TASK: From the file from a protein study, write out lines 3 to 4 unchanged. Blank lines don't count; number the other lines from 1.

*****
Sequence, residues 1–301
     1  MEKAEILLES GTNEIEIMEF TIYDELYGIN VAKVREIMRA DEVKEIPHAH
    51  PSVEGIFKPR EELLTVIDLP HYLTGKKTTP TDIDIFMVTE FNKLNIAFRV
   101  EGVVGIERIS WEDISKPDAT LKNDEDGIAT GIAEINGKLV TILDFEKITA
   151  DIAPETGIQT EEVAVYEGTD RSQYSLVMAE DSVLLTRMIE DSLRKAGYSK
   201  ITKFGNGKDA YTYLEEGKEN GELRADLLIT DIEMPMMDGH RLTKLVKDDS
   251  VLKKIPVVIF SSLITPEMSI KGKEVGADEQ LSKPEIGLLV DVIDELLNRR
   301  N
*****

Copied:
    51  PSVEGIFKPR EELLTVIDLP HYLTGKKTTP TDIDIFMVTE FNKLNIAFRV
   101  EGVVGIERIS WEDISKPDAT LKNDEDGIAT GIAEINGKLV TILDFEKITA